Investigators have found that pediatric patients with acute lymphoblastic leukemia (ALL) who lived along the Texas-Mexico border were more likely to die within 5 years than those living in other areas of the state, according to a new study published by Castellanos et al in Cancer.
Individuals living along the Texas-Mexico border—consisting of a mixture of rural and urban communities—are known to be medically underserved. Survival disparities for these populations have been observed in adults diagnosed and treated for various malignancies, but information on pediatric cancer outcomes is lacking.
Study Methods and Results
In the new study, investigators conducted a retrospective survival analysis involving 6,002 pediatric patients with ALL and 1,279 pediatric patients with acute myeloid leukemia (AML) using data from the Texas Cancer Registry between 1995 and 2017.
Among the pediatric patients with ALL, the proportion of those who survived for at least 5 years after diagnosis was lower in patients living along the border regions (77.5%) compared with those living in nonborder areas (85.8%). After adjusting for other factors known to impact survival—such as age at diagnosis, sex, and socioeconomic status—pediatric patients with ALL living along the border experienced a 30% higher risk of mortality compared with those living elsewhere in Texas. In contrast, for children with AML, survival estimates did not vary by border vs nonborder residence.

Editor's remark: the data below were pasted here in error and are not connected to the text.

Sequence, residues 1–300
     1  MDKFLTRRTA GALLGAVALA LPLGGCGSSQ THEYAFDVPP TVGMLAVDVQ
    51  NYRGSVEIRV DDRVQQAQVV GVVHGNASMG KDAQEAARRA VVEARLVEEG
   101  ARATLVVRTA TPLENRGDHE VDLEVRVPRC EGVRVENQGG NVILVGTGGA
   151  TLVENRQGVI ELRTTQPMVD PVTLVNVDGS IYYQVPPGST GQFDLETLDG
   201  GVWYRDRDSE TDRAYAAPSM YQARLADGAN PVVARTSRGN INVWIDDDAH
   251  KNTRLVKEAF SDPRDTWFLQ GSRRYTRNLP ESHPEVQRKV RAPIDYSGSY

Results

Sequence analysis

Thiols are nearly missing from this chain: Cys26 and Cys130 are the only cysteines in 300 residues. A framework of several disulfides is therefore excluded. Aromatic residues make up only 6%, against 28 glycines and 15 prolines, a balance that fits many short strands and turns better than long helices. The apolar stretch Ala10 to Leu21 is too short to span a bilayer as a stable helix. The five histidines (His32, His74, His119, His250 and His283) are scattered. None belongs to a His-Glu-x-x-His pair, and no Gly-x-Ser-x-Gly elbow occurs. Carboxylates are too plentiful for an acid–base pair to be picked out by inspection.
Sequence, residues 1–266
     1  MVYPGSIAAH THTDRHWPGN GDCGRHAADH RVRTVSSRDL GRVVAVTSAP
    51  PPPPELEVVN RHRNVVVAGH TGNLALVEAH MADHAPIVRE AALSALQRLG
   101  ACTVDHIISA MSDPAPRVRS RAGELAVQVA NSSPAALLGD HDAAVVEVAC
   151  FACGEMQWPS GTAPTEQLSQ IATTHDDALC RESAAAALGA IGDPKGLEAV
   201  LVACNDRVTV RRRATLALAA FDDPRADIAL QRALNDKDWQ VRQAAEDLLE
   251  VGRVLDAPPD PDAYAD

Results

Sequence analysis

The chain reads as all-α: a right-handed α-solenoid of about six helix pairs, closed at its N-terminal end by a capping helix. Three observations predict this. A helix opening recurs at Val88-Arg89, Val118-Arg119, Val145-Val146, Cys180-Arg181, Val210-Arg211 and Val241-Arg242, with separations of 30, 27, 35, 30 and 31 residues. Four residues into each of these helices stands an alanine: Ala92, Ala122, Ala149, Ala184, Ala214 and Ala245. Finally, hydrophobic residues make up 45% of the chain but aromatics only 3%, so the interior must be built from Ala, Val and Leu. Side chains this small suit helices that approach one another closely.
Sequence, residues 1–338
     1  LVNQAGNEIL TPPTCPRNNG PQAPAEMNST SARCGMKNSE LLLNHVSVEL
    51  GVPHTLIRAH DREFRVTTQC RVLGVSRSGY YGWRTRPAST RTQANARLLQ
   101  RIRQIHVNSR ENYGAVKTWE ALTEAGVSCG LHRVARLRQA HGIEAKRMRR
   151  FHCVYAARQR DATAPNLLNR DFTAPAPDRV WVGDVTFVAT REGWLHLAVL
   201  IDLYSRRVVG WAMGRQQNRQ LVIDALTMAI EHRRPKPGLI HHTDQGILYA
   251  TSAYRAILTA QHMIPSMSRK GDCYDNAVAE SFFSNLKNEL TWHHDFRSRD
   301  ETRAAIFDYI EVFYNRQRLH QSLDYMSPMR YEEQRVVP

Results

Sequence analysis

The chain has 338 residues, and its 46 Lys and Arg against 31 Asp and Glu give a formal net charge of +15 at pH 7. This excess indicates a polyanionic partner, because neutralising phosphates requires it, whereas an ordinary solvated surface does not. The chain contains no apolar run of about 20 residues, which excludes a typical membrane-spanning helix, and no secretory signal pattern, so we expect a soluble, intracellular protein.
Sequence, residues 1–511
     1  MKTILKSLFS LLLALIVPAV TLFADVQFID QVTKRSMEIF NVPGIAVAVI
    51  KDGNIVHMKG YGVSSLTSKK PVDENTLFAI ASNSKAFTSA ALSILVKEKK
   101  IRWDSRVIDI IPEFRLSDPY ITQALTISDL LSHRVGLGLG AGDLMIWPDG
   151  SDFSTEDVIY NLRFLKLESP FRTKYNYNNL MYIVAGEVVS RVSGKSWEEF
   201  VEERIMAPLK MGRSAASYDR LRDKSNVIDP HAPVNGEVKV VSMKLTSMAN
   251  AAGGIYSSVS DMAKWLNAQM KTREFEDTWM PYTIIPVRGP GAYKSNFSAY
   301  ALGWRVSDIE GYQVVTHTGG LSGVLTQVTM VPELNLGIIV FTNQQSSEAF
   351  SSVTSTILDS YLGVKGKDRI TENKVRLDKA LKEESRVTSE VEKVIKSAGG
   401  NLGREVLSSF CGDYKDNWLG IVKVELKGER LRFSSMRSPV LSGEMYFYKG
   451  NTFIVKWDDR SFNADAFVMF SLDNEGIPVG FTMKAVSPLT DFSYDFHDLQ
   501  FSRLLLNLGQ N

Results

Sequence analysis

“While there have been tremendous achievements in maximizing cure rates for [pediatric patients] with leukemia in the United States, not everyone is benefiting from these advances. We know there are differences in survival, with [pediatric patients] from historically marginalized Hispanic and Black communities faring worse than White [pediatric patients],” said Maria Castellanos, MD, Assistant Professor of Pediatric Hematology Oncology at the University of California, San Francisco School of Medicine. “There is an urgent need to identify the reasons why these differences in survival are occurring, including an assessment of the barriers to obtaining health care and strategies to successfully reduce barriers,” she concluded.
“We urgently call for the attention of public health leaders and health-care providers in both the [United States] and Mexico to mitigate the health disparities suffered by immigrants, a population that plays a vital role for the economies and social fabric of these two countries,” emphasized Paula Aristizabal, MD, MAS, Associate Professor of Pediatric Hematology Oncology at the University of California, San Diego, and a hematologist-oncologist at Rady Children’s Hospital–San Diego. In an accompanying editorial, Dr. Aristizabal and coauthors stressed that officials need to work to improve cancer outcomes in rural areas with concentrated poverty.
The investigators noted that additional studies are urgently needed to identify factors that may be contributing to health-care disparities for pediatric patients with ALL living along the Texas-Mexico border.
Disclosure: For full disclosures of the study authors, visit acsjournals.onlinelibrary.wiley.com.The content in this post has not been reviewed by the American Society of Clinical Oncology, Inc. (ASCO®) and does not necessarily reflect the ideas and opinions of ASCO®.